South Africa's political impasse deepened yesterday with no resolution to extended talks over President Jacob Zuma's expected departure from office after his own party called for him to resign.
Cyril Ramaphosa, the president-in-waiting, and the ruling ANC party have said negotiations should be concluded within days, but have given no details about how Zuma will be eased out of power.
The stalemate has left South Africa's political scene in limbo, with a series of public events cancelled this week including the flagship State of the Nation address to parliament in Cape Town on Thursday.
Zuma cleared his diary of weekend engagements, but deputy president Ramaphosa is due to speak at a rally in the city today to start a year of celebrations marking 100 years since Nelson Mandela's birth.
February 11 also marks the day that Mandela was released from jail in 1990 -- a key date in modern South Africa's re-birth as apartheid white-minority rule crumbled.
Zuma and Ramaphosa will "conclude" discussions on Zuma's exit within 48 hours and the outcome will then be announced to the nation, the News24 website said Saturday without naming its sources.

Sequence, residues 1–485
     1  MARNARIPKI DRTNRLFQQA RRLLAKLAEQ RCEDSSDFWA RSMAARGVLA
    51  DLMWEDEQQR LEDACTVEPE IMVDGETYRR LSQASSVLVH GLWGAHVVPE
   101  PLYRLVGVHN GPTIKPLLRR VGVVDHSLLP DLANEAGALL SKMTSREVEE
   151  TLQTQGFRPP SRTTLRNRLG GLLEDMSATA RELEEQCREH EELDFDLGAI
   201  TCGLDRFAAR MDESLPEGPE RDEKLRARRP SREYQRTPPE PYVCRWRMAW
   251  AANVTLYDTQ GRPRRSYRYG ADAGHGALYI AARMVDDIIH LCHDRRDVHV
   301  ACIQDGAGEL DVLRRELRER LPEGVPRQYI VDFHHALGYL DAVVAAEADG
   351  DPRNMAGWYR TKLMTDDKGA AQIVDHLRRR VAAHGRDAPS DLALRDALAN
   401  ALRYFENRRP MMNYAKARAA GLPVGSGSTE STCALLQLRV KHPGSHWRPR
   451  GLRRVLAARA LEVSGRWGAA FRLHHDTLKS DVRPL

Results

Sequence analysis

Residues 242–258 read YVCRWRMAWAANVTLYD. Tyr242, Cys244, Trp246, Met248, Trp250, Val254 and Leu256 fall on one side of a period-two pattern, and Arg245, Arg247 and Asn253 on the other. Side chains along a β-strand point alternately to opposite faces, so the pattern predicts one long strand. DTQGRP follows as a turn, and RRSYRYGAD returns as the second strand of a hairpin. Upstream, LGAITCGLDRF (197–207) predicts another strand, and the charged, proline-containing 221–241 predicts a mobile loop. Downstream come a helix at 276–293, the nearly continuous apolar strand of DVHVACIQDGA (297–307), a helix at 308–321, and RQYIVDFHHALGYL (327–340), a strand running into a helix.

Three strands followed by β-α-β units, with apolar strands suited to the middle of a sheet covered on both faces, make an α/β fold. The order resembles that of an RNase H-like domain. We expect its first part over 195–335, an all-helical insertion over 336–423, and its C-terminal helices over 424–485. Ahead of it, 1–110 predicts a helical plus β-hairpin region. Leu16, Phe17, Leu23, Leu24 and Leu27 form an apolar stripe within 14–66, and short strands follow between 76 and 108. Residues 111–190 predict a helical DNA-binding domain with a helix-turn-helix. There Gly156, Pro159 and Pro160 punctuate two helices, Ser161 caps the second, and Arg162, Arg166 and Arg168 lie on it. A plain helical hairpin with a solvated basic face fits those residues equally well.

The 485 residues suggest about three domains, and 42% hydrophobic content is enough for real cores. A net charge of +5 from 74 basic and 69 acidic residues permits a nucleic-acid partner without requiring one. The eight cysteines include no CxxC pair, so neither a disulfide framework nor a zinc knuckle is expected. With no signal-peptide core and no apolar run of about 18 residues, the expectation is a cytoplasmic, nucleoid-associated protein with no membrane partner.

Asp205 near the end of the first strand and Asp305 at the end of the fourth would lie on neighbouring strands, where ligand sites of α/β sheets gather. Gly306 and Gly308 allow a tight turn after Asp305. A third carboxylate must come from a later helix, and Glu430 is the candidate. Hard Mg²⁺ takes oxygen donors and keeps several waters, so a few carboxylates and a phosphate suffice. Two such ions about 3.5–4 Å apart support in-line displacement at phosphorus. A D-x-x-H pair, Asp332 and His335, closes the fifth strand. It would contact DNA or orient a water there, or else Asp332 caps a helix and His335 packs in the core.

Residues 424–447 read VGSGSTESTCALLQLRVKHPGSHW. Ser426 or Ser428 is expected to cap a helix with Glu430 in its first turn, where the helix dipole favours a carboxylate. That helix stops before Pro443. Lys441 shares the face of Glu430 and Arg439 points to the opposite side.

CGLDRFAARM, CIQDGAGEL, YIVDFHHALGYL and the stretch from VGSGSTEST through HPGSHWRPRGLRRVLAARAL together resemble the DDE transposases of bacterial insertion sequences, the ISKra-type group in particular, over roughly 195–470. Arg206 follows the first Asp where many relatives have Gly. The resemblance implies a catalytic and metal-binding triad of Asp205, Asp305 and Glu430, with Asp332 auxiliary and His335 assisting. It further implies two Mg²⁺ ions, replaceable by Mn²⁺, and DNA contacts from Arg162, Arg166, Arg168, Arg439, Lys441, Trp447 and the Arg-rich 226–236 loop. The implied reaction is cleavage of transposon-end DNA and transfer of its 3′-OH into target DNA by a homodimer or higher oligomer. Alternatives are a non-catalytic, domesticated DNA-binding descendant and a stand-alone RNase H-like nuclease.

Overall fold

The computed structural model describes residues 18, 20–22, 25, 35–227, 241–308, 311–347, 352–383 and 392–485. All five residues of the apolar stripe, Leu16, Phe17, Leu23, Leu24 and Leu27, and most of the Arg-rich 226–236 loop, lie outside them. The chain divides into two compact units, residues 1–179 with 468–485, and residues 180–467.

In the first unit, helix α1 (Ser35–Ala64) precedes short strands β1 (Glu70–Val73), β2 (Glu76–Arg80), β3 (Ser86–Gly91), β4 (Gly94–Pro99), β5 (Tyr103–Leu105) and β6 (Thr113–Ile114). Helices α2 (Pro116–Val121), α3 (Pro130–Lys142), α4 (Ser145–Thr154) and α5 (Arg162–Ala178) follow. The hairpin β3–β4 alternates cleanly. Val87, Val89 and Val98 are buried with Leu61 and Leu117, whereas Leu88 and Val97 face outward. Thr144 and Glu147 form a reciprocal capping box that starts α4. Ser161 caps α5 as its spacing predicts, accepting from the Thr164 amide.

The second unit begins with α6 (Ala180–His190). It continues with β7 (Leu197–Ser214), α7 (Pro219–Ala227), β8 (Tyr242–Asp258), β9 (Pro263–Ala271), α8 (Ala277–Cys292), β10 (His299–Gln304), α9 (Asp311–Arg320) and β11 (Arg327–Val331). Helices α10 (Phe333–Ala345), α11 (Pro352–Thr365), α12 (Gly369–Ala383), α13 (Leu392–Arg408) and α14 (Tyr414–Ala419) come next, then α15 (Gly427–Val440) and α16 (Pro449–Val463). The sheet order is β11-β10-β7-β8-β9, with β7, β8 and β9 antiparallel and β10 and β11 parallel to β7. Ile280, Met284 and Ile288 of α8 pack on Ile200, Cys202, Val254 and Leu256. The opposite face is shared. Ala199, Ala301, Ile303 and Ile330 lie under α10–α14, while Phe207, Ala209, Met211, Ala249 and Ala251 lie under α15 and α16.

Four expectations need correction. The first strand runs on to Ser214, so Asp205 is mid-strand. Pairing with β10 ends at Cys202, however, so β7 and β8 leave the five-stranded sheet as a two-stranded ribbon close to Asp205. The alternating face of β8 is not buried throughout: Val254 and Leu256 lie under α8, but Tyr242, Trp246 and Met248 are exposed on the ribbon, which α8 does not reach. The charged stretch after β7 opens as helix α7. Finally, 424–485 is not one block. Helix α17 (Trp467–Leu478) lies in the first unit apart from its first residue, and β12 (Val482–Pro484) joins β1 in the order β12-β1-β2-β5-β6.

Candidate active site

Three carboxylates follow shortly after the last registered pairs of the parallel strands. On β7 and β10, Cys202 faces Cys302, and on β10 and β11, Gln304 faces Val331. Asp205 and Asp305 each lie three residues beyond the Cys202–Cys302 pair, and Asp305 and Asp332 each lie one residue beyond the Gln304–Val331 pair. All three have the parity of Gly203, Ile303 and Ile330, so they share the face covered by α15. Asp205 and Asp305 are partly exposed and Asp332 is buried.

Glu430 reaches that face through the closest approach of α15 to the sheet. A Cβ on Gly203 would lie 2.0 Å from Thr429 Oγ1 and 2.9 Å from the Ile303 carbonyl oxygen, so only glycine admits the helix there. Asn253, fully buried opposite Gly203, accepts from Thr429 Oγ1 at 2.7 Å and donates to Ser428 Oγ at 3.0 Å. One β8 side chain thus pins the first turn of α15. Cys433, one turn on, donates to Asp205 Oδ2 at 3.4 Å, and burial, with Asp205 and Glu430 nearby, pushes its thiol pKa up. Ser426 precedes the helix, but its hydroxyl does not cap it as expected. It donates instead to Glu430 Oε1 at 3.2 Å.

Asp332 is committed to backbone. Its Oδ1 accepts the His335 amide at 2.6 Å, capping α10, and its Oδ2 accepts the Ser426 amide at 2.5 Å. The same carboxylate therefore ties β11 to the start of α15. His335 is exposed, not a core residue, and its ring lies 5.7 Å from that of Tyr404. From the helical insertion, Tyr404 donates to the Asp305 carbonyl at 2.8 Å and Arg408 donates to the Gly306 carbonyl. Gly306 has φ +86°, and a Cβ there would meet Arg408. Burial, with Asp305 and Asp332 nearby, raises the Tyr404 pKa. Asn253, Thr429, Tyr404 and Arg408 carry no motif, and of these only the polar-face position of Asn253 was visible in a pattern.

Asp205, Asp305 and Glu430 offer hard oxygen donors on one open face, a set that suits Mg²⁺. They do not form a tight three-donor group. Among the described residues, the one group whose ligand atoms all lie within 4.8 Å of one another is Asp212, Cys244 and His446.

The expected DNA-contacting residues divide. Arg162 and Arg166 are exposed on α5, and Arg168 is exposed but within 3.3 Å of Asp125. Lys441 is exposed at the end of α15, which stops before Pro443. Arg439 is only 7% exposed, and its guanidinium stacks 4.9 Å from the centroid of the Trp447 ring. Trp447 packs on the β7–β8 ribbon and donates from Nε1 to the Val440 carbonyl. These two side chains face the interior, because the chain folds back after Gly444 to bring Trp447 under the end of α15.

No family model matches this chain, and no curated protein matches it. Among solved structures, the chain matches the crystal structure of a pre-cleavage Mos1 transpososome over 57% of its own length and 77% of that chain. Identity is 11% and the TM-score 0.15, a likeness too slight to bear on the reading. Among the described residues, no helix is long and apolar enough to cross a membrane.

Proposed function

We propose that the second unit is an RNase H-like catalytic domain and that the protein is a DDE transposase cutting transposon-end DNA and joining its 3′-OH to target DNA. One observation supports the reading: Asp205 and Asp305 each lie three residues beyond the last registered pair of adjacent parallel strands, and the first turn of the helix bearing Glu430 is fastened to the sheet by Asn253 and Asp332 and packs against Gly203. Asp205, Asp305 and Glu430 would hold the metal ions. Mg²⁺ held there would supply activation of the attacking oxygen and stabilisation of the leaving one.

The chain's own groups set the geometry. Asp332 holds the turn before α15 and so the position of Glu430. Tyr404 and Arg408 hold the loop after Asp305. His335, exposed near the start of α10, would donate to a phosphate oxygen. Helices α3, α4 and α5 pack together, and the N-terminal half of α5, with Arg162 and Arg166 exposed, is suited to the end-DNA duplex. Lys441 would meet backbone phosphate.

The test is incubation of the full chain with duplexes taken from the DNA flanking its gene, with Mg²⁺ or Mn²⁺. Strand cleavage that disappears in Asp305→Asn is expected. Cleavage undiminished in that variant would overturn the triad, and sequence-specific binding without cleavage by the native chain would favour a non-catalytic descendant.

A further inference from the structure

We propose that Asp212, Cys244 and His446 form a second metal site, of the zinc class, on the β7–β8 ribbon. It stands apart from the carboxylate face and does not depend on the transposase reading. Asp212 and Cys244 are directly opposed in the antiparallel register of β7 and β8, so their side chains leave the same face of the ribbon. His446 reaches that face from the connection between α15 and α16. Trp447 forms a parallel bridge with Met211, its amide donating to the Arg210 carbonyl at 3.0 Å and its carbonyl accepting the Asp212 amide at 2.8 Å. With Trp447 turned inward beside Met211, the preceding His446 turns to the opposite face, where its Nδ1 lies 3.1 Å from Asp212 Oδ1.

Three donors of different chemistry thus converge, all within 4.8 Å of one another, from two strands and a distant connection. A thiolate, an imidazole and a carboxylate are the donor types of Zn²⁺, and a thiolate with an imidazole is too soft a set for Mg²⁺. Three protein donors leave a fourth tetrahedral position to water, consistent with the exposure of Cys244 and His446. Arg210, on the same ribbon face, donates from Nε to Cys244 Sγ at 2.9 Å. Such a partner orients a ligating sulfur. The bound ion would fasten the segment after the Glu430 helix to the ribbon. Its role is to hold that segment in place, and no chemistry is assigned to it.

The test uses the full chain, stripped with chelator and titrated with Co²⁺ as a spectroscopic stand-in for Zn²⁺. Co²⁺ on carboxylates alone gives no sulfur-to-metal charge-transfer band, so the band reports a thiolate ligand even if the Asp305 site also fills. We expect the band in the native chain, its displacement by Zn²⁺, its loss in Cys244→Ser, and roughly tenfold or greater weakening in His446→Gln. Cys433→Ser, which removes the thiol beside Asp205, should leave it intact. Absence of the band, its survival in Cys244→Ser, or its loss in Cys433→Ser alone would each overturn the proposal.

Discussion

But Susan Booysen, a politics professor from Wits University in Johannesburg, said Zuma may fight on for several more days.
Local media reported that a key sticking point in talks was over legal fees faced by Zuma, who is set for prolonged court battles related to multiple criminal cases.
Zuma, 75, who has been in office since 2009, has clung to power despite a string of corruption scandals, an economic slowdown and record unemployment.
His hold on the ANC was shaken when his chosen successor -- his former wife Nkosazana Dlamini-Zuma -- narrowly lost out to Ramaphosa in a closely-fought race to be party leader in December.
Zuma faces several court cases, including action relating to 783 payments he allegedly received linked to an arms deal before he came to power.
Under Zuma, the ANC suffered its worst electoral setback since coming to power in 1994, winning less than 54 percent of the vote in municipal elections in 2016.